High performance computing (HPC) systems are indispensable in nearly all fields of science and the continually growing capabilities of these systems never cease to amaze me! Case in point: the new $12M supercomputer known as Lonestar 4 at the Texas Advanced Computing Center (TACC) at the University of Texas at Austin. Equipped with 1,888 Dell M610 PowerEdge blade servers, each with two six-core Intel Xeon 5600 “Westmere” processors, it is the third largest system on the National Science Foundation’s (NSF) TeraGrid network and one of the most powerful academic supercomputers in the world. It combines capabilities for visualization (“seeing is understanding”), shared memory, cloud computing and is a testament for the ever-growing demand for HPC storage. It is one of six world-class high performance and visualization resources Dell has sold to TACC.Lonestar 4 was developed through several key members of the HPC Community including technology partners Dell, Intel, DataDirect Networks and Mellanox and academic partners at the University of Texas at Austin, UT System, Texas Tech, Texas A&M and the Institute for Computational Engineering and Sciences (ICES). As the Austin American-Statesman’s Kirk Ladendorf said in his article about Lonestar 4, “The new Dell Inc.-powered machine could be the most collaborative high-performance computing machine ever at UT.” On April 4, I had the privilege of attending the Lonestar 4 dedication ceremony, where Michael Dell shared the stage with U.S. Senator Kay Bailey Hutchison, UT President William Powers Jr., TACC Director for Application Collaborations Dr. Karl Schulz, and TACC Director Dr. Jay Boisseau.
Boisseau emceed the event. As he described the purpose of TACC as “enabling discoveries that advance science and society through the application of advanced computing technologies,” I was struck by its similarity to our: “delivering technology solutions that enable people everywhere to grow and thrive.”When he said that “this technology will help predict and manage our response to natural disasters, explain the nature of the universe, and lay the foundation for our technological and economic future,” he wasn’t exaggerating. He provided a fascinating description of the simulations currently being run by Lonestar 4, which include hurricane storm surges, renewable energy, black holes, quantum computing, and the recent earthquake in Japan.In fact, our research colleagues in Japan have already used more than 100,000 CPU hours to backfill the demands of power and cycle time depleted by the recent earthquake and tsunami. The HPC researchers in Japan have put TACC on notice that they will require an increase in usage this summer to compensate for the loss of facilities by the recent disaster.Powers, the first guest speaker, commented that technology helps “make sense of the world we live in,” and that “supercomputers are simply critical to our competitiveness in the 21st century.” When he looked at Michael and said, “You’re a great friend to this university and this town,” the room erupted with applause. Hutchison shared the same sentiment when she took the podium: “I appreciate, so much, Michael coming through – one more time.” As a newer Dell employee, I felt a great sense of pride to be working for Dell - and to be associated with our Dell HPC Solutions team. It was fun to watch Michael, who began our company out of his dormitory room on the UT campus, take the stage and share a story about the CIO of the Chinese power grid introducing himself to Michael on a recent trip to China. He remarked that “as we provide computational power, we can solve problems,” and that it was “exciting and empowering work to be a part of.” And the TeraGrid, he said, “demonstrates the power of community.” Shulz dove deeper into the applications of Lonestar 4, which he said “pushes the boundaries of computational science.” He made a special point of calling out the requirements for a powerful HPC supercomputer, including:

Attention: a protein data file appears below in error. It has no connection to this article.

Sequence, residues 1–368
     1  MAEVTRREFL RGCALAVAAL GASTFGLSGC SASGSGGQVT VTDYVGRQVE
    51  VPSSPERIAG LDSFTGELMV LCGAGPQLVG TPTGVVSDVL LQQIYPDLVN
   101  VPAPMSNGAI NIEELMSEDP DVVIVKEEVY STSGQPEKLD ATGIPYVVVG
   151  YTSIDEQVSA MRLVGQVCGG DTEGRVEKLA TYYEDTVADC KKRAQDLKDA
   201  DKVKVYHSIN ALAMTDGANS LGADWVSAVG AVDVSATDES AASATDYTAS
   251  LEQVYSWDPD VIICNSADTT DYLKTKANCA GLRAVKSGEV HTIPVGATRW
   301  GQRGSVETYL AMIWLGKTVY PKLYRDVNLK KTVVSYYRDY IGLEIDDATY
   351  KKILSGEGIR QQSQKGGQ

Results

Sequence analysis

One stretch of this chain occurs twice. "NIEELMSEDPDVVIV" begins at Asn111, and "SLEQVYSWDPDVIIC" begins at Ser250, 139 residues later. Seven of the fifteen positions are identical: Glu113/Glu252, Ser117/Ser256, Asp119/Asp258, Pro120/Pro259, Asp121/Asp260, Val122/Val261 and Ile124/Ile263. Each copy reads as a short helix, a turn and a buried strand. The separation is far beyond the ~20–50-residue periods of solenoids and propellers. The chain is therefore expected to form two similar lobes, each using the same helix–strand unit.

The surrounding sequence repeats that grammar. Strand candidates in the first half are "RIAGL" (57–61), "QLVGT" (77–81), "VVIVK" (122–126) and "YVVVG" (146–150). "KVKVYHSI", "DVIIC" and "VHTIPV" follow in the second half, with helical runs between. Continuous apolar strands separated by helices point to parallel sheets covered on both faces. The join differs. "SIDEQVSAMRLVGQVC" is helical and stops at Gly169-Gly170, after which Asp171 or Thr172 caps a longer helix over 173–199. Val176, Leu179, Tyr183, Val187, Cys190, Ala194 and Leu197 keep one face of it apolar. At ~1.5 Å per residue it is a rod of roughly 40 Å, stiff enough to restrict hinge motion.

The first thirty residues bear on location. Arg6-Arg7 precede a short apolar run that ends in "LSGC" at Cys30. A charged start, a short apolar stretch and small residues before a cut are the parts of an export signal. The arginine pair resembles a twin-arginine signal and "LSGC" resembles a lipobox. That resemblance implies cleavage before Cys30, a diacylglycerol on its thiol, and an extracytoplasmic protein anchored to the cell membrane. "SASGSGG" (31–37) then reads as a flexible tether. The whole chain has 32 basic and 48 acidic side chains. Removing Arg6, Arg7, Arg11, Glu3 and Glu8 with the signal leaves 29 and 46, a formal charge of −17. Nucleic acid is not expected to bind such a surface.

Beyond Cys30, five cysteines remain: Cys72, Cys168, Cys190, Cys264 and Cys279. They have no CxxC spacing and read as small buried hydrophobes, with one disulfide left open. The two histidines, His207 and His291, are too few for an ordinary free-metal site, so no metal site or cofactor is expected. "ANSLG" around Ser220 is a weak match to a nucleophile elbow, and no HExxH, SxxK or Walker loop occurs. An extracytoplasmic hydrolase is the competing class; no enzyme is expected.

It was great to witness the TACC dedication of Lonestar 4, and to hear these dignitaries give praise to UT/TACC and its partners who have combined their efforts for this science-enabling cluster. As Michael has stated, “Technology is about enabling human potential.” I hope this post has brought that to life for you. Learn more about our HPC solutions at www.DellHPCSolutions.com.Join in the HPC Community discussion at www.HPCatDell.com.About Christine FronczakChristine Fronczak is the HPC Marketing Manager at Dell responsible for all marketing programs across Dell HPC solutions. In this role, Christine utilizes innovative marketing programs to enrich the HPC Community including Multimedia Supplements from Scientific Computing (e.g., www.HPCSource.com/Visualization), Enabling Discovery technical workshops (https://www.etouches.com/HPCBoston2011), as well as helping to drive the growth of Dell's active HPC Community at www.HPCatDell.com. Examples of comprehensive technical materials can be found at www.DellHPCSolutions.com. Christine holds a BA in Mathematics/Computer Science and Secondary Education from Augustana College in Rock Island, IL and an MS in Computer Science from Iowa State University. Prior to joining Dell in 2009, Christine’s 25+ year career at HP included extensive experience in both engineering and marketing positions across multiple businesses including networking, servers and storage along with a role as HP’s WW Business Development Manager for Computer Aided Engineering(CAE). Christine is also a Nationally certified Referee/Starter for USA swimming. When she is not pursuing her passion for HPC, you might find Christine volunteering her time on the deck of swim pool in Northern California or at an NCAA college swim meet.